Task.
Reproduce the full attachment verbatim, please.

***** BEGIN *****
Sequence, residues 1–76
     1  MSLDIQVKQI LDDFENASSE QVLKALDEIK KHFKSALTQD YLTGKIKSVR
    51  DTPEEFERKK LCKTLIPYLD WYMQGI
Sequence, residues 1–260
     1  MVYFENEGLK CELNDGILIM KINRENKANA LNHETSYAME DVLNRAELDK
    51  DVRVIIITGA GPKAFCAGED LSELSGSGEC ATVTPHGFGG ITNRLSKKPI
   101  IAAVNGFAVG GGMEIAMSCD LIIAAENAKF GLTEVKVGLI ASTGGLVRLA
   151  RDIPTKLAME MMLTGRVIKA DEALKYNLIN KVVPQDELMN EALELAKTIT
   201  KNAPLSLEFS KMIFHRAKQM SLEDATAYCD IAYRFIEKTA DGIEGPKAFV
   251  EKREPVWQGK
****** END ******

Sequence, residues 1–76
     1  MSLDIQVKQI LDDFENASSE QVLKALDEIK KHFKSALTQD YLTGKIKSVR
    51  DTPEEFERKK LCKTLIPYLD WYMQGI
Sequence, residues 1–260
     1  MVYFENEGLK CELNDGILIM KINRENKANA LNHETSYAME DVLNRAELDK
    51  DVRVIIITGA GPKAFCAGED LSELSGSGEC ATVTPHGFGG ITNRLSKKPI
   101  IAAVNGFAVG GGMEIAMSCD LIIAAENAKF GLTEVKVGLI ASTGGLVRLA
   151  RDIPTKLAME MMLTGRVIKA DEALKYNLIN KVVPQDELMN EALELAKTIT
   201  KNAPLSLEFS KMIFHRAKQM SLEDATAYCD IAYRFIEKTA DGIEGPKAFV
   251  EKREPVWQGK